When Florella wrote this the Gaines children had seen her father for less than one month out of the previous twenty-four.
But Florella's mother, Elizabeth Kinkead Gaines, was more than just emotionally careworn. For two months after Gaines first departed for Washington in late December she was physically worn down, bedridden with pneumonia. She recovered, and in April 1848 journeyed to Washington, arriving late in the month and staying until the first session concluded on 14 August. The next autumn she again fell dangerously ill and her recovery this time took months and continued into the winter.
Despite his wife's illness John Gaines departed for Washington again in late November, "in company with Senator [Thomas Hart] Benton," after a gala send-off on the Covington dock. His children forwarded news from Maplewood: "Ma has been improving ever since you left," wrote young Harriet. "She walks through all the rooms above stairs and without the assistance of your cane and thinks of coming downstairs in a few days. She requests me to tell you because she knows you will be pleased at that." This last comment is typical. During his absences Elizabeth Gaines seems to have communicated to her husband entirely through their children's letters.
She was left very much alone with the cares of plantation management, and what did that entail? Mrs. Gaines had to oversee her entire plantation household, especially the six female slaves whose daily laborsin gardening, cooking, cleaning, laundering, sewing and mending, spinning and weaving, as well as "nursing" the younger Gaines childrenkept things going. She also had six young children at home, only one of whom, the teenaged Archibald (named for his uncle), was old enough to be useful as farm overseer. The rest of her eldest children were either attending schools or visiting Deep South relatives.
Lonely she doubtless was for the company of white adults, and careworn from work, but surely this forty-six-year-old woman was also exhausted from childbearing. In fact she illustrates most poignantly a key aspect of nineteenth-century womanhood: a wife's lack of control over her own reproductive life, a lack profoundly analogous to what slave women experienced.
"Do you get as many children as ever?" one of the Major's business cronies once inquired. In the Gaines tradition he did, but fell one short of his forebears' patriarchal twelve. After her 1824 marriage Elizabeth Gaines gave birth about every eighteen months, beginning with Abner (named after the child's grandfather). Toward the end, her births were sandwiched between John Gaines's sojourns away from Maplewood. After she delivered their second-youngest, Matilda, he left on a lengthy business tour to New York and Boston, and their youngest, Elizabeth ("Libby"), was born just months before he rode off with the 1st Kentucky Volunteer Cavalry on 4 July 1846.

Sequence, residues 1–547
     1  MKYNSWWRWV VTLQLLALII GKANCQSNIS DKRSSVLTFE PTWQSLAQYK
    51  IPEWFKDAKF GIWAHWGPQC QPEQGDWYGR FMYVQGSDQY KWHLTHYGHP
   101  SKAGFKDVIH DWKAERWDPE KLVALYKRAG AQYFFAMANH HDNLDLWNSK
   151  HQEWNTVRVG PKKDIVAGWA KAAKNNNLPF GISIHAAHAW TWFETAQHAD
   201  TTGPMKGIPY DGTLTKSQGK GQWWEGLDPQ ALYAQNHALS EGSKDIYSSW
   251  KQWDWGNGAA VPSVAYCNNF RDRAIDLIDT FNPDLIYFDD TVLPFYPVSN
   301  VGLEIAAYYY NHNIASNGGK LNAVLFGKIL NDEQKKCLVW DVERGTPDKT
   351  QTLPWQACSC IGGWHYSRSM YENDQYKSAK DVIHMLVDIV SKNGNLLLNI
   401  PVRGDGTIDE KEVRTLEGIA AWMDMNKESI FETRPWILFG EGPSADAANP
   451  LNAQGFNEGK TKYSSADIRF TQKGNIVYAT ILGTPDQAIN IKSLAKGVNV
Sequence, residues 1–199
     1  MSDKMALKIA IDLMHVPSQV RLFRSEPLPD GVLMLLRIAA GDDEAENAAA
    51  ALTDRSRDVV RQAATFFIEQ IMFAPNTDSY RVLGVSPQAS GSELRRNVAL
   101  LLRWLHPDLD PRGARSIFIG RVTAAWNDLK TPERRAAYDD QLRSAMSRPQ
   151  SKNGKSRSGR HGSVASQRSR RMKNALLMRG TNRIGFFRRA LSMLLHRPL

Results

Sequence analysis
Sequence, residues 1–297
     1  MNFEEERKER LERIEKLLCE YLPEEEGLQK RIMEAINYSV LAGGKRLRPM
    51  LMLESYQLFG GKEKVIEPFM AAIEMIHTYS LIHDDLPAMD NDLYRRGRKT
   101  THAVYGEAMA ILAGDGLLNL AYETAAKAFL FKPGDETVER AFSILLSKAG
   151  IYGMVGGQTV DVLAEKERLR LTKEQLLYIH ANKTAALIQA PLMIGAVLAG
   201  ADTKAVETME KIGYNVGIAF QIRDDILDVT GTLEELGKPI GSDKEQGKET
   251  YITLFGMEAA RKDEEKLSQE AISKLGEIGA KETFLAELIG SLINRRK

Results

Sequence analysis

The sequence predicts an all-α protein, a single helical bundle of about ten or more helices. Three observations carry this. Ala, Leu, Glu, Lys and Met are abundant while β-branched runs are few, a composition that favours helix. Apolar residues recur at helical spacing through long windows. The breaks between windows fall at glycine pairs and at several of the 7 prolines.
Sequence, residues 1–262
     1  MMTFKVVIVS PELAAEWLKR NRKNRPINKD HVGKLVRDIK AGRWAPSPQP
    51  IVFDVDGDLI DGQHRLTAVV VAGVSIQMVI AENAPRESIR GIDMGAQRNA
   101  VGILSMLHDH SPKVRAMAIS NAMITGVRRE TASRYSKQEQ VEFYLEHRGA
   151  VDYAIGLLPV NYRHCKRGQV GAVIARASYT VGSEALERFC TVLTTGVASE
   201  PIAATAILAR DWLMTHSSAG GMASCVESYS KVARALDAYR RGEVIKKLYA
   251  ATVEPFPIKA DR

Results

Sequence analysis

John Gaines was an extroverted, restless man, one hungry for success and public honors, but also a man who, from our late-twentieth-century perspective, epitomizes the male chauvinism of Victorian culture. During most of the 1840s Gaines nested at Maplewood only long enough to "get" more children. By early 1849, childbearing had left his wife frequently ill, with failing eyesight and teeth. In 1848 the children rejoiced when "mother had her teeth supplied, being eight in number, which greatly improves her looks." How did Elizabeth view her life at Maplewood? We don't know, because none of her letters survive. She may have considered herself too unlettered to write the worldly Major, or she may simply have been too busy, like other plantation mistresses: "Challenged daily by the limitless demands of her children, a husband who believed in firm obedience from all of his dependents, and the elusive wall of resistance that her house slaves formed."
What about their slaves? In the surviving correspondence they are hardly mentioned and even when they are it is rarely by name. Their daily labors, their marriages, births, and deaths, even the facts of their mere presence at Maplewood, seem to have been taken mostly for granted. What we do find in archived paperssome pages almost illegible from bleed-through of the inks, many partially burned at the margins because of a 1911 fire at the New York State Library, which owns themare letters from Gaines's brothers and his son Archibald, wall-to-wall with the routine of agricultural life of Maplewood and its cycles of plowing, planting, harvesting. These letters tell us that John Gaines's boys struggled at the adult work of running his plantation. Young Archibald fretted over how much acreage should be committed to oats, rye, or grass, and worried that having the slaves plow Maplewood's high ground might "destroy the beauty of the ridges by leaving it a sand bank." Their greatest headache was the Major's "pork concern." Neighbor Benjamin Franklin Bedinger sometimes took young Archibald under his wing for trips to Indiana, buying weanlings. (Bedinger would have been a good teacher: later in the decade he drove to Cincinnati four hundred hogs "of his own feeding, with corn of his own raising," and fetched a record price for them. He did equally well with sheep.) The hog market, however, was always volatile. In November 1846, Bedinger warned Gaines (then soldiering in Mexico) of probable losses: "Your sons have made good crops better than mine I think; all your business is in pretty good condition save your pork concern ... I am told there will be considerable loss there." After the following year young Archibald wrote that the season's profit in hog raising would cover their indebtedness for seeds and weanlings, compensate Bedinger for the rental of some pasture land, pay his children's school tuitions, and leave them afterward with several hundred dollars free and clearin all, not a bad year. Meantime the congressman's salary and his other investments were adding to Gaines's steadily growing wealth.